Please Come to the Show, Part I (1960-1980) at Museum of Modern Art (MoMA)
This event has already taken place. Click here for the latest events.
Since its beginnings, the MoMA Library has housed several collections of artists' files and subject files, which contain assorted printed ephemera like announcement cards, press clippings, posters, and flyers. These materials illustrate an elaborate range of artistic activities and can contain unique elements from an artist's practice. This two-part exhibition gathers a sample of innovative printed invitations, small posters, and flyers from the early 1960s to the present. The selection traces ways in which artists, designers, and galleries have used invitation cards and other printed announcements as a part of the staging of conceptual works, installations, performances, and other time-based events and screenings. This diverse grouping of ephemera explores the various, surprising ways that we have been invited to experience art.
Venue Description: MoMA's rich and varied collection constitutes one of the most comprehensive and panoramic views into modern art in the world, and has grown to include over 135,000 paintings, prints, photographs, drawings, sculptures, films, and design objects. Visitors to New York City should make sure to stop in and view the collection during their vacations. Founded in 1929 as an educational institution, The Museum of Modern Art is dedicated to being the foremost museum of modern art in the world. Central to The Museum of Modern Art's mission is the encouragement of an ever-deeper understanding and enjoyment of modern and contemporary art by the diverse local, national, and international audiences that it serves. The Museum of Modern Art seeks to create a dialogue between the established and the experimental, the past and the present, in an environment that is responsive to the issues of modern and contemporary art, while being accessible to a public that ranges from scholars to young children. MoMA also has three restaurants on the premises: Café 2, is the museum's sophisticated cafeteria; Terrace 5 is a full-service café where guests can indulge in creative savory selections, delectable pastries and ice cream sundaes, inventive specialty cocktails, micro-brewed beers, and carefully selected wines; and The Modern offers the original, Alsatian-inspired cuisine of Chef Gabriel Kreuther, recently awarded three stars by The New York Times.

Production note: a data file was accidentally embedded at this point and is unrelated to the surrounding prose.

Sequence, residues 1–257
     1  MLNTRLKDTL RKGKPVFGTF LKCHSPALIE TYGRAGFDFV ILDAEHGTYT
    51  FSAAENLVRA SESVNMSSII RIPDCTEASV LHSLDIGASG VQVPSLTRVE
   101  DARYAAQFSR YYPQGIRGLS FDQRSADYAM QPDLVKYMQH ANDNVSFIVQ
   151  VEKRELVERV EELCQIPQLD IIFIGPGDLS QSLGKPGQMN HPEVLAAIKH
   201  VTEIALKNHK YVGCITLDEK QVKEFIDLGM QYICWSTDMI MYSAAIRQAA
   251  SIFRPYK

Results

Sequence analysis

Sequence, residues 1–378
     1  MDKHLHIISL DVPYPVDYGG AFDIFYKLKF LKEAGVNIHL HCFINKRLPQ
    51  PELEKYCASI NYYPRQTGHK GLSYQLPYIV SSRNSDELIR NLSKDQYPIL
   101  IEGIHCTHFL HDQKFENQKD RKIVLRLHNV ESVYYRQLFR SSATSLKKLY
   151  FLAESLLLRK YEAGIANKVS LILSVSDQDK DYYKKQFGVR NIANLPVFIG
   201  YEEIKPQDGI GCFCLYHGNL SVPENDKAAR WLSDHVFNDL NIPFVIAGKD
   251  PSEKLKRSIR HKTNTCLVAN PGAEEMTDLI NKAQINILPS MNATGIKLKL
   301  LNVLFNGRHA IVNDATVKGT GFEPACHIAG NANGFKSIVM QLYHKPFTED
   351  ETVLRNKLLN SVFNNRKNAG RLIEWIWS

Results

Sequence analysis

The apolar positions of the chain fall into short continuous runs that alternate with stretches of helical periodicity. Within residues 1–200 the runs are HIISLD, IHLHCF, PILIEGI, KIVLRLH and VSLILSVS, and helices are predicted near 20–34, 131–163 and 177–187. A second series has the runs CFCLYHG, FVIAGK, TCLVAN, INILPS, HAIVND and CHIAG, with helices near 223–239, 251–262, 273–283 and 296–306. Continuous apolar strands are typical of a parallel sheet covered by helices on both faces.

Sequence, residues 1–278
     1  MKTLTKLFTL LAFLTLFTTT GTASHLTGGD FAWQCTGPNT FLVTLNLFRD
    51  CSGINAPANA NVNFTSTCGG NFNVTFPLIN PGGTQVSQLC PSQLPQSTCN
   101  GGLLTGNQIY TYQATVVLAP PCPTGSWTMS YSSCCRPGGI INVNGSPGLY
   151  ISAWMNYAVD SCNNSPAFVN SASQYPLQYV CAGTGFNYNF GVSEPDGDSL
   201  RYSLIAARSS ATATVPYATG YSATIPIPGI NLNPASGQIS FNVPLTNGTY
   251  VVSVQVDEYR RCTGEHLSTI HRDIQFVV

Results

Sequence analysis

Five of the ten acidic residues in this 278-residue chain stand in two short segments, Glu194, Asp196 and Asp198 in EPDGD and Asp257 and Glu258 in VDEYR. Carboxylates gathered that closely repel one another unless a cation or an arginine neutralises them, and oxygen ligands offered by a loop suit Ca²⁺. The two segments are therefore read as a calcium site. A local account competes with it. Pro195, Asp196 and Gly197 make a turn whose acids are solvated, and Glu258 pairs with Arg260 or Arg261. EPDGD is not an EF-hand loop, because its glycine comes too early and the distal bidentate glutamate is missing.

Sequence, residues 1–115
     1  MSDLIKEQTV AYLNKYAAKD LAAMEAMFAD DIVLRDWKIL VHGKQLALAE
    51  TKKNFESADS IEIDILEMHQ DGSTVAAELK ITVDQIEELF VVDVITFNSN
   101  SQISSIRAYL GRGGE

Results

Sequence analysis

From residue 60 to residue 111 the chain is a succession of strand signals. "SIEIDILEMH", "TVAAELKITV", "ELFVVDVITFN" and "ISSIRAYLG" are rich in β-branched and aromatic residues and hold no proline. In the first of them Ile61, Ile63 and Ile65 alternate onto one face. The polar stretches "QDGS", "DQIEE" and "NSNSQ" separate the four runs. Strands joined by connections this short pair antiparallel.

Museum Hours: Tues.-Mon., 10:30am-5:30pm; Fri., 10:30am-8pm (free entry 4-8pm for UNIQLO Free Friday Nights).
Edgar Degas: A Strange New Beauty - 03/26/16 - 07/24/16